And this year runners as young as 12 can take part in the road race, with the introduction of a buddy relay.
Last year’s race raised £9500 for the Beatson.
The successful individual 10k route remains, but there will be a 10k relay for teams of two, letting those who would be put off by a 10K run (or walk) 5K.
“With the relay, your buddy can do the first half, and you can do the second,” explained Kathleen Feeney, manager with organiser Carluke Development Trust.
“A 10k is restricted to those aged 15 and over but, because this works out at 5k, it is open to those who are 12 and over. Our high schools are encouraged to enter, and we hope to see loads of Carluke High, Lanark Grammar, Biggar High and Lesmahagow High pupils participating.”
This should also suit those who have just embraced the running bug and want to build up to 10k for 2018.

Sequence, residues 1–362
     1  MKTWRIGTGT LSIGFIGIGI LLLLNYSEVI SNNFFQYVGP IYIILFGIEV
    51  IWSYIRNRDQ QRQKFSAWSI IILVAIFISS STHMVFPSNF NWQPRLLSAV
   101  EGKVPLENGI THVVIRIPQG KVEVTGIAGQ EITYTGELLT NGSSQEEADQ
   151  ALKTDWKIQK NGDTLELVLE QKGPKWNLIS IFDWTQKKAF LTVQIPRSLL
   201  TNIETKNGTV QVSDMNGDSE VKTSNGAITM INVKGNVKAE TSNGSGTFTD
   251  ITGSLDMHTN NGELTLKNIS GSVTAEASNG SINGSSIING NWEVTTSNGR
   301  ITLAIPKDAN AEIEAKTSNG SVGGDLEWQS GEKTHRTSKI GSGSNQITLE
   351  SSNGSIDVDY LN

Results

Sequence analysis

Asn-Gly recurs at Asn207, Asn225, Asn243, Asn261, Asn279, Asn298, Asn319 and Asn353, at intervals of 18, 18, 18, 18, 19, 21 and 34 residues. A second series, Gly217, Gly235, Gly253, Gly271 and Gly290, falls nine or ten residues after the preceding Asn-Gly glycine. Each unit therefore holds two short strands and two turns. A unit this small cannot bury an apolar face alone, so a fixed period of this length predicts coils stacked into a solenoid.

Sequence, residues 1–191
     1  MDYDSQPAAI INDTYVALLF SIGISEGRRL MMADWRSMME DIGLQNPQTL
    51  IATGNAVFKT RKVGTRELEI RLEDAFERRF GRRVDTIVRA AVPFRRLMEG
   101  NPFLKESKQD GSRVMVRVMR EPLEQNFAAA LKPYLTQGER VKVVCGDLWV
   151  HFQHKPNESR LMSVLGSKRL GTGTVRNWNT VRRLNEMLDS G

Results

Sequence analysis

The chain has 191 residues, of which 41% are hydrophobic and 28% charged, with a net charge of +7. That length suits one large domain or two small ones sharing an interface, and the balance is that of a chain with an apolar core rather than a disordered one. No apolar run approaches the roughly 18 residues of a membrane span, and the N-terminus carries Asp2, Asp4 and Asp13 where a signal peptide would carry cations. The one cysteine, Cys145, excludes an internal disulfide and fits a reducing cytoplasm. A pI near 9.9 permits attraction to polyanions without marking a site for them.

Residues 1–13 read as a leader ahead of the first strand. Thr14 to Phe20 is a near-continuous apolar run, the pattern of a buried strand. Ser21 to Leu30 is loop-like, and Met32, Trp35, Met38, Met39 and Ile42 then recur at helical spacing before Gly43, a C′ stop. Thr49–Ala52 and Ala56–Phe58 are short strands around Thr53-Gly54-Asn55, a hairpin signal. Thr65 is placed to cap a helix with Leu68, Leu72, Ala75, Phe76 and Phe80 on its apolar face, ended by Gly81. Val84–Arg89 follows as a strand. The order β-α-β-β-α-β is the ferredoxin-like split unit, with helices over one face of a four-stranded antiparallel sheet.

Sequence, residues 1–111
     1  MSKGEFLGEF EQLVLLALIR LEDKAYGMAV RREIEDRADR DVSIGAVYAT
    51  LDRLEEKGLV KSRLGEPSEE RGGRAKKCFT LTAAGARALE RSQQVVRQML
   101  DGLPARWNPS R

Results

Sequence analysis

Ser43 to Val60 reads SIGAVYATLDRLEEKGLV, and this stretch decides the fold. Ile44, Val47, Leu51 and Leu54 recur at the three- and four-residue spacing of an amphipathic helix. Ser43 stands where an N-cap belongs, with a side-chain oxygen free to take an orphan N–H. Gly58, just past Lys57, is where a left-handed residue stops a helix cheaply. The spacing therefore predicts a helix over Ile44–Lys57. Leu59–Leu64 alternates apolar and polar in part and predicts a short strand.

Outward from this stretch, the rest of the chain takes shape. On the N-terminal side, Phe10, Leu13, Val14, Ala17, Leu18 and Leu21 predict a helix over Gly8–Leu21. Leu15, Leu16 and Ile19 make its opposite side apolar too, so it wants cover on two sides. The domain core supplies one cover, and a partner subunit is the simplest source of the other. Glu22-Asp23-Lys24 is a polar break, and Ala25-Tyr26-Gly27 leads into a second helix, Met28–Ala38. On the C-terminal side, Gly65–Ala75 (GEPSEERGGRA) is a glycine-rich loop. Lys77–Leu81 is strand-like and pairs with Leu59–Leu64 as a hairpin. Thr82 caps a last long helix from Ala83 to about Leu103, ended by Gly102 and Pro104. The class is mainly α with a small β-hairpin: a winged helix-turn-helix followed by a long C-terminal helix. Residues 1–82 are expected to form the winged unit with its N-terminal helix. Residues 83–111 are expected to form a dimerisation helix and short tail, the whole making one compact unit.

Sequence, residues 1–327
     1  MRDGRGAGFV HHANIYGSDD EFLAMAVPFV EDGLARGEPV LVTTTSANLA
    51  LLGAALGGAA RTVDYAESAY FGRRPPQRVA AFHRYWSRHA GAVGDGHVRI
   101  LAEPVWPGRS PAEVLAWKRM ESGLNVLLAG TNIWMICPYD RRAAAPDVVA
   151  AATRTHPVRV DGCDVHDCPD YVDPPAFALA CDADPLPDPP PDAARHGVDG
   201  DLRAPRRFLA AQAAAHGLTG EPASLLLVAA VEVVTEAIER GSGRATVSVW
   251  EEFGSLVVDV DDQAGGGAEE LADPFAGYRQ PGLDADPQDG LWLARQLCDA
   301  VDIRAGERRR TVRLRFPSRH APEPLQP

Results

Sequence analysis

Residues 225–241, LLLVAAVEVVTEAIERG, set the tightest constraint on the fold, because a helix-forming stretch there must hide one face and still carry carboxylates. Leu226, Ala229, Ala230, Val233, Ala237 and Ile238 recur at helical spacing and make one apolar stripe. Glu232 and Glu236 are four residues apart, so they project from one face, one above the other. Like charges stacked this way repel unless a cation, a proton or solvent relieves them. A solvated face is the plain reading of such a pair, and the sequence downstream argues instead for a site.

The run will begin in the John Cumming Stadium, and go through a challenging countryside route, before finishing back in the Stadium.
There will be a “tag” area in Yieldshields park for the buddy switchover, with buses taking the second runner there and bringing the first runner back to the stadium, to cheer their team mate for the finish.
Entertainment and refreshments will be provided at the stadium and again there will be children’s fun runs.
Each competitor will receive a t shirt and goodie bag. Entry fee for relay teams is £20.60, payable on registering with entry central (12yrs+).Entry for an individual in the 10k is £14.60 (or £12.60 for those who are SAA registered).
Runners can register at https://www.entrycentral.com/carluke10k from today.
Dawn Ferguson, corporate partnerships fundraiser at Beatson Cancer Charity said: “We’re delighted to be working with Carluke Development Trust on another fantastic Carluke on the Run. This race raises much needed and vital funds for Lanarkshire Beatson patients and their families.
“We help fund a wide range of patient and family support services, at the radiotherapy treatment centre at Monklands Hospital, which treats 1,200 people from across Lanarkshire every year.”